2. Ginny says:

    Love all your tutorials Amy!

    I’ve recently made a few of the foam cup bras (for myself and for my niece) — which I truly thought I wouldn’t like (I was afraid of adding something that seemed like padding to my already oversized bustline :P!). But, to my surprise, I absolutely love them, and am enjoying your tips!

    Hey, have you tried one of the Pilot FriXion pens for tracing the foam shapes? I bought mine at a quilting shop, but they’re on Amazon too. Anyway, they’re a gel roller type pen that makes a nicely visible sharp thin line, that vanishes with (even very low) heat. I’ve been using one to trace (and mark notches on) my foam cup pieces and then I allow a whiff of steam from the iron near them after stitching together and POOF the line is gone! I LOVE LOVE LOVE these pens — great for marking buttonholes too.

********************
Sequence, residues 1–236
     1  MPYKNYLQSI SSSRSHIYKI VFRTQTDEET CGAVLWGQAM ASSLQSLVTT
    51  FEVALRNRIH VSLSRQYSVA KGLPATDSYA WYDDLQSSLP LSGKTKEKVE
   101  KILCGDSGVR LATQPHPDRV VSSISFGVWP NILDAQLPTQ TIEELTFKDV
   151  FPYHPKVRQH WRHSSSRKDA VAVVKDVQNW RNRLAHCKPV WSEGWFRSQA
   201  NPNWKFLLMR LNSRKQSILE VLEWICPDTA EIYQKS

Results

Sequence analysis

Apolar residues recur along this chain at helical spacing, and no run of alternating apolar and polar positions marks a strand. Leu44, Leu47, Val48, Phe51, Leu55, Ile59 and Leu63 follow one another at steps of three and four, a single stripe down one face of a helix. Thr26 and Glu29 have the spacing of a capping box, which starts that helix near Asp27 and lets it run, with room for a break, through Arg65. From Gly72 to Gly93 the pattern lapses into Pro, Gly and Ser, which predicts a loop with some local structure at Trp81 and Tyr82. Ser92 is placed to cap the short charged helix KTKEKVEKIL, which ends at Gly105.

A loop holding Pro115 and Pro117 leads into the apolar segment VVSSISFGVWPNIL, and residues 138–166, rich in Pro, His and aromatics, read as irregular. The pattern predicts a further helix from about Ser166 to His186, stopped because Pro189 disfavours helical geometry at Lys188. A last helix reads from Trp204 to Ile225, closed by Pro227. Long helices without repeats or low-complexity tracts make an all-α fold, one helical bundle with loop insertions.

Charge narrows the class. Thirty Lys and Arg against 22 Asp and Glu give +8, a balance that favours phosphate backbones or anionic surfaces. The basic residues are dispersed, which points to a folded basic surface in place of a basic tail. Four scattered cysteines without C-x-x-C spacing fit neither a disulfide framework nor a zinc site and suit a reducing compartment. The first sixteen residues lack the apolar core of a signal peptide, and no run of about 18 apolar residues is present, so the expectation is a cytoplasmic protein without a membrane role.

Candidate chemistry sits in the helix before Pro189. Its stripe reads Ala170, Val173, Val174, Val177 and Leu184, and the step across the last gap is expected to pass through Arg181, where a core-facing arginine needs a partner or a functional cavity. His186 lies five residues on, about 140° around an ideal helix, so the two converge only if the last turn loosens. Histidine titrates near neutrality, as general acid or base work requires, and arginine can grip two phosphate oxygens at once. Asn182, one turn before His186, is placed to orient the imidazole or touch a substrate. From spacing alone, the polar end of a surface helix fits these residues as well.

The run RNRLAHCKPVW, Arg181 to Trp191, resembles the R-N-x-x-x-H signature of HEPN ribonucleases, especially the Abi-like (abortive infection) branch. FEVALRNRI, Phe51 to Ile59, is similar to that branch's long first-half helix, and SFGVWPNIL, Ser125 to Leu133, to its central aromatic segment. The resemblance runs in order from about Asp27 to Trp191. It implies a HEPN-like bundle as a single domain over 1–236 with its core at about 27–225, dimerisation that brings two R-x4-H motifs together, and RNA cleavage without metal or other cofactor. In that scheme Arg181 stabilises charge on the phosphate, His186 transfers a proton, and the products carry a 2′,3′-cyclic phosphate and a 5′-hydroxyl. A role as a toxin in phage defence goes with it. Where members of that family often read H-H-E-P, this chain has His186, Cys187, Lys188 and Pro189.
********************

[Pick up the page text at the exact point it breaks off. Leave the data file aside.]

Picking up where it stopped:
• Amy says:

      That sounds like a really cool pen! I’m always adding different tracing tools to my arsenal as not every pen/chalk wheel/whatever works on every fabric. For the foam I cut away my lines so there is no pen left except the teeny dots which get hidden in the tape .

  3. You are just awesome sauce! I am gathering all this info together to give it a try soon! I made your lady shorts pattern and they came out great.. I have a bit of caboose in the back so I need a bit more coverage! Otherwise they are awesome thanks so much for all of your help!

  4. Betsy says:

    Your tutorials are really great! To be honest, I was skeptical at first about home sewing and bra making colliding, but you make it work and the techniques are very close to industry standards. I look forward to reading more and I think you may have persuaded me to give bra making a go again. BTW- super excited to find out that Spandex House carries the foam!

  5. Nicole V says:

    I wish I knew how to sew bras or how to sew period :’-(
    I bought the bra makers manual and the depth of knowledge is amazing.
    MAybe when my zig zags stoop looking like zigs I’ll accomplish making a bra, lol

    • Amy says:

      I hope you learn! It’s really addictive… takes some practice but like anything else gets easier and easier. May your zigs turn into zigzags!